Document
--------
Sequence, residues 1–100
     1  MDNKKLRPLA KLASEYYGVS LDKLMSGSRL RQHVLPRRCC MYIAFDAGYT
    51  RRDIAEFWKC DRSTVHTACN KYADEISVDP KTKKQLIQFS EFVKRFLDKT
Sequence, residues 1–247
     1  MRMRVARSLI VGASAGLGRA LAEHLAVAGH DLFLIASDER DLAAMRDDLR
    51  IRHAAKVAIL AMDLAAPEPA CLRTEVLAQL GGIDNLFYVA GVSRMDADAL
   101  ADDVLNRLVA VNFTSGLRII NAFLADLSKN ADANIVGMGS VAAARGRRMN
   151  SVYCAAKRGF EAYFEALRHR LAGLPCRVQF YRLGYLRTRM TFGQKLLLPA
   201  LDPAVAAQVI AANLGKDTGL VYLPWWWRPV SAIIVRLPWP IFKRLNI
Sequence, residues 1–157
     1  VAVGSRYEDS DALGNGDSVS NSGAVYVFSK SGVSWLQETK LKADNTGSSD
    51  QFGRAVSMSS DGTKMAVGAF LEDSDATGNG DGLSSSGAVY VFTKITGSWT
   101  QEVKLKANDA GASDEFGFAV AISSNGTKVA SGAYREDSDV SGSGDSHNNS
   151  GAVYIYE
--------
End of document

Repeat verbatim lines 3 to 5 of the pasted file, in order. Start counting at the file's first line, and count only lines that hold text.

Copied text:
    51  RRDIAEFWKC DRSTVHTACN KYADEISVDP KTKKQLIQFS EFVKRFLDKT
Sequence, residues 1–247
     1  MRMRVARSLI VGASAGLGRA LAEHLAVAGH DLFLIASDER DLAAMRDDLR